Also found in: Dictionary, Thesaurus.
a car whose prototype was a cart of small capacity, a bin that moved along wooden tracks in mining enterprises. Initially, it was pulled by hand; later, it was horse drawn. This car appeared first in England and later in Germany. In 1786 the Irishman R. L. Edgeworth proposed that a train be made up of such cars. The creation of the railroad car was associated with the opening of horse railways, the first of which was built in the shire of Surrey, near London; passenger and freight cars moved along this road by horse traction. In 1810, P. K. Frolov built the Zmeinogorsk horse railway—the first in Russia—in Altai; it had three-car trains. A steam-traction railroad with rolling stock of 12 freight cars and 21 passenger cars was tested when the road between Stockton and Darlington (England) opened in 1825. Achievements in car building were demonstrated with the opening of the Manchester-Liverpool railway in England (1830); railway engineers from many countries, including Russia, were present.
In Russia, the first freight and passenger railroad cars of various types were built at the Aleksandrov plant in 1846. These were covered, four-axle railroad cars and flatcars with central coupling, no bumpers, and load capacities of 8.2 tons. The first two-axle railroad cars were built in 1855; they had load capacities of 6.5-10 tons. The construction of refrigerator cars to transport perishable food products began in 1862. Two-axle tank cars and special railroad cars (to transport live fish, dairy products, sand, and so on) appeared in 1872. The “standard” type freight cars, with capacities of 12.5 tons, were made in 1892. In 1905 the load capacity of freight cars in Russia was increased to 15 tons, and in 1911, to 16.5 tons. At the end of the 19th century, along with the creation of new types of railroad cars, the construction of the spring-suspension body, draft gear, buffer devices, brakes, and other mechanisms was perfected. By 1917 the stock of freight cars consisted basically of two-axle railroad cars, of which 67 percent were boxcars, 18 percent flatcars, 5 percent open cars, 6 percent tank cars, and 4 percent other types. The average load capacity was 15.1 tons.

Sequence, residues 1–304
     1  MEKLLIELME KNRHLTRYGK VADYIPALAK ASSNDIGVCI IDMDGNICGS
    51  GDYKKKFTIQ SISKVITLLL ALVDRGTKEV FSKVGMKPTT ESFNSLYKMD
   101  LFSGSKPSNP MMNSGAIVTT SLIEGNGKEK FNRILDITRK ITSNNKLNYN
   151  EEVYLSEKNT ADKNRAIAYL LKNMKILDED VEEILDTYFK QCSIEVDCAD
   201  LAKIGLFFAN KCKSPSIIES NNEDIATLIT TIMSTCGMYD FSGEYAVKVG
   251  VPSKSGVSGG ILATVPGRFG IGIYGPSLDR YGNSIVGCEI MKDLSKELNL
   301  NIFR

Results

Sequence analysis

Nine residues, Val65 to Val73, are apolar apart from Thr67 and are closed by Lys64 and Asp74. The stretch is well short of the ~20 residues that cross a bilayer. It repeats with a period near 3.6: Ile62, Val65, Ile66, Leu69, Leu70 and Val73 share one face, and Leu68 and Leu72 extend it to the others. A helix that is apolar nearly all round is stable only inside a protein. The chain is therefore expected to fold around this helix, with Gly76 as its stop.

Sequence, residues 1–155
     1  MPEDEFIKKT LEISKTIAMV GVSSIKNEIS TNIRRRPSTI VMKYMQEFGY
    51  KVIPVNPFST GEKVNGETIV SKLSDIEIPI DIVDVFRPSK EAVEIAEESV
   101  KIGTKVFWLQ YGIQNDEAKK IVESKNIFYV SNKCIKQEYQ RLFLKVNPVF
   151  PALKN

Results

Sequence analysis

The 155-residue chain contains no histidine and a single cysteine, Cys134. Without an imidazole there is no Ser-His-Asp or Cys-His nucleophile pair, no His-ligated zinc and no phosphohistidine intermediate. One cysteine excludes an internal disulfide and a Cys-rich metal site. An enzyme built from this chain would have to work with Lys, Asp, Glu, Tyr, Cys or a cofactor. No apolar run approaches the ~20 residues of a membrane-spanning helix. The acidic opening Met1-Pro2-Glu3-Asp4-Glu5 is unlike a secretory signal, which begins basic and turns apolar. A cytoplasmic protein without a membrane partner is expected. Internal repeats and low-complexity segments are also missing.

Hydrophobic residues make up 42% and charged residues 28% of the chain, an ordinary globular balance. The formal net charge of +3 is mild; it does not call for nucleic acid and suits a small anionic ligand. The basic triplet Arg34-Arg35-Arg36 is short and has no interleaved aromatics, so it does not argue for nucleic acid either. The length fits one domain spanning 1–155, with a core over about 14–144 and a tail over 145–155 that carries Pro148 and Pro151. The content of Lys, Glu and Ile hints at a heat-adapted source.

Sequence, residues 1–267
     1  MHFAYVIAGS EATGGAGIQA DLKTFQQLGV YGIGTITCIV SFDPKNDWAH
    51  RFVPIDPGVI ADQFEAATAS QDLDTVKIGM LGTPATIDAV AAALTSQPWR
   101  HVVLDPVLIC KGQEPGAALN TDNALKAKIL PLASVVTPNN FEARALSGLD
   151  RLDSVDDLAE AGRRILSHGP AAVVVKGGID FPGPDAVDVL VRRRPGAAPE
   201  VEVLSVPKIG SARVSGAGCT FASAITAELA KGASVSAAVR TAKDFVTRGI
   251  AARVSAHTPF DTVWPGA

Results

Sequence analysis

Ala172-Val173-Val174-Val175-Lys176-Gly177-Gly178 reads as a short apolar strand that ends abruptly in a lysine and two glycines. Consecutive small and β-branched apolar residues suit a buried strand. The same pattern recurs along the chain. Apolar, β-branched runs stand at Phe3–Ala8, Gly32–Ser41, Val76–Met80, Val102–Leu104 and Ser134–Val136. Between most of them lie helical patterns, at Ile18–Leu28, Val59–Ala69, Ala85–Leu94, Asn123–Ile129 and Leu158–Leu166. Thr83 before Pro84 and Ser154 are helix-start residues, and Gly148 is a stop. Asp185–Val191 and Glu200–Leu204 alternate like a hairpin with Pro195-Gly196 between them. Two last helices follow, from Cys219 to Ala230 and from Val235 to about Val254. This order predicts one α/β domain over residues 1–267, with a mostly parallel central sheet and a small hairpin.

The first passenger railroad cars in Russia appeared on the Tsarskoe Selo railroad, which was opened in 1837. They resembled carrettas. Between 1846 and 1851, 239 passenger railroad cars of various kinds were built at the Aleksandrov plant. In 1865 the engineer K. I. Rekhnevskii developed a truck with double-spring suspension, which ensured a smooth ride. Passenger cars were equipped with arm chairs (in first and second class); only in 1866 were the first sleeping cars introduced on fast trains from St. Petersburg to Moscow (in the USA, the Pullman system sleeping cars were made in 1867). The stock of passenger cars was extremely diverse, consisting primarily of two-, three-, and four-axle cars, mostly with wooden frames and bodies and with stove or water heating (individual units for each car) or steam heat from a special boiler car; lighting was predominantly by candles, in rare cases by gas. Virtually every passenger car had an automatic brake, open draft gear with screw coupling, and bumpers. Standardization of passenger cars began in 1896 with the construction of the four-axle car 18 m long. In 1906 double-deck passenger cars with Rykovskii system trucks were built.
In the years of Soviet power, the stock of railroad cars was fundamentally renovated. The construction of the old type of car was ended in 1931 and the production of covered two- and four-axle freight cars with respective load capacities of 20 and 50 tons, of 20-, 50-, and 60-ton flatcars, and of 24-, 45-, and 50-ton tank cars was organized; four-axle self-unloading 60-ton open cars and 25-, 60-, and 70-ton hopper cars with steel frames and center sills permitting the installation of automatic couplings were built. Bodies were made with metal framework, and facings made out of wood or of metal sheets. Railroad cars were outfitted with automatic brakes of domestic construction (such as the Kazantsev brake and Matrosov brake). Since 1947, all-metal passenger cars 23.6 m long have been built. In terms of purpose, railroad cars are divided into passenger and freight cars, into general-line and industrial transport cars, and into narrow-gauge and broad-gauge cars. Today, there are self-propelled and drawn railroad cars (such as motorcars of electrified railroads, trolley cars, subway cars, diesel cars, and railway motor cars).